The Ash of Centuries
and the Immortal Flame
(Autumn, 116 B.C.)
As night grew quiescent life sought repose in the City of the Sun¹, and lamps were extinguished in the dwellings strewn around the mighty temples that nestled in groves of olive and laurel trees. The moon rose, spilling its rays upon white marble pillars that, looming like titans in the quiet of the night, stood guard over the sacrificial altars of the gods. The columns gazed with wonder and bewilderment toward the towers of Lebanon, perched among rocky debris on the ridges of faraway hills.
In that hour filled with magic stillness, wherein slumbering souls are united with their infinite dreams, Nathan, the son of the High Priest Hiram, arrived bearing a torch and entered into the temple of Astarte.². Hands trembling, he lit the lamps and ignited the thuribles within, sending the aroma of myrrh and frankincense spiralling upward. He arrayed the idol of the adored one with a translucent veil, resembling the shroud of hope that encompasses the human heart, then genuflected before the altar embellished with leaves of ivory and gold. He raised his hands and looked toward the heavens, and from his eyes flowed rivulets of tears that begat streams. He cried out, in a voice rendered faint by painful travails and broken by cruel lovesickness:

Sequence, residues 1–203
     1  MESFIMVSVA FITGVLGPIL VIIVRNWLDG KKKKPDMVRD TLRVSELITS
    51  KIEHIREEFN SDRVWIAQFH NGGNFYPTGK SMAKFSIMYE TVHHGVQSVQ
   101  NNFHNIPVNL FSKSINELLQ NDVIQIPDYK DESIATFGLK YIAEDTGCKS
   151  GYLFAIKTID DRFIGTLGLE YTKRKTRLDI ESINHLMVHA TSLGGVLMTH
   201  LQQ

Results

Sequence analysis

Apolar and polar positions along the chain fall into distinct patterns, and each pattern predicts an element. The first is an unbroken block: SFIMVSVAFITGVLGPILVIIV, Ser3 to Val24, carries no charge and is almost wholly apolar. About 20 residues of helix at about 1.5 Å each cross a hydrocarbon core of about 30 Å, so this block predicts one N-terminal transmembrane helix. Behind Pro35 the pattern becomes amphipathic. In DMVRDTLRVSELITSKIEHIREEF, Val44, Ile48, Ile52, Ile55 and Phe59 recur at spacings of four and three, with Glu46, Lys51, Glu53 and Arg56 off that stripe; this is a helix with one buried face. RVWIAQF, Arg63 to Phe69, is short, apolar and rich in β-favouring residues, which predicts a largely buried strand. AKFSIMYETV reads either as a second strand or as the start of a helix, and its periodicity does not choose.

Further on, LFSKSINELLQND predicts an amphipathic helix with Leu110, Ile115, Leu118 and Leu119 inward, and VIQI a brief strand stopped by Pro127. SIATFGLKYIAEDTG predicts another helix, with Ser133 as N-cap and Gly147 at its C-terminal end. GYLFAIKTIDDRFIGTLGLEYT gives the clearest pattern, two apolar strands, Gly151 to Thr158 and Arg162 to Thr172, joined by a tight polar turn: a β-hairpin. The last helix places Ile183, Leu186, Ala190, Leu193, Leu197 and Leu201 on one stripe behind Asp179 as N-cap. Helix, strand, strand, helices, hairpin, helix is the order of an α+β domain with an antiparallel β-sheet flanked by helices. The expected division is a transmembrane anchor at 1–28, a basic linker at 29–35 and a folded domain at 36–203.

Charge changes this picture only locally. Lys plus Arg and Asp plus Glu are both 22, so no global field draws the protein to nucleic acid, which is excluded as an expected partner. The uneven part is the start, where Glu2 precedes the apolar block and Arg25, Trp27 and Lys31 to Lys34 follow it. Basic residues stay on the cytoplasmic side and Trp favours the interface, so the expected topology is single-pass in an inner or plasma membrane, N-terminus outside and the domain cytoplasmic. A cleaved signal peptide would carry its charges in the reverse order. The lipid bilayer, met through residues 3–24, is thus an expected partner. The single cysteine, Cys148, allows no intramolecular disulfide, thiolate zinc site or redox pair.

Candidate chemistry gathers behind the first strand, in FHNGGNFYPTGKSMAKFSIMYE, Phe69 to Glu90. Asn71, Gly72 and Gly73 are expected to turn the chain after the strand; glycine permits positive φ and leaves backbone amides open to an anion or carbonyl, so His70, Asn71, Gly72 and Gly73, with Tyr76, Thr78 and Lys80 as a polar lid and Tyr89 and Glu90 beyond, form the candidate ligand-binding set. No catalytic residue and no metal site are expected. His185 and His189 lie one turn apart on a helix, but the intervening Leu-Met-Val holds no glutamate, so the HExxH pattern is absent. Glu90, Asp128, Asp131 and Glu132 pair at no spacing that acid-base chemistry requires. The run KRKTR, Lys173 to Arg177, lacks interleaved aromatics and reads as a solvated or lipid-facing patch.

"Thy compassion, O supreme Astarte! Compassion, O goddess of love and beauty. Have mercy upon me and stay thou the hand of death from my beloved, whom my soul has chosen in accordance with thy will. The philters and potions of the physicians have fallen.
The City of the Sun is Baalbek, that is, the City of Baal, the god of the sun. The ancients called it the City of the Sun or Heliopolis because it was built for the worship of this deity, and historians are agreed that it was the most beautiful city in Syria. As for the ruins that survive down to our day, most of them were built by the Romans after they had conquered Syria.
Astarte was a great goddess among the ancient Phoenicians, who worshipped her in Tyre and Sidon, in Jubayl and Baalbek. According to them, among her attributes are "igniter of the flame of life and guardian of youth." Greece borrowed her worship from the Phoenicians, calling her Aphrodite, the goddess of love and beauty, and the Romans called her Venus.
Copyright @ Kahlil Gibran.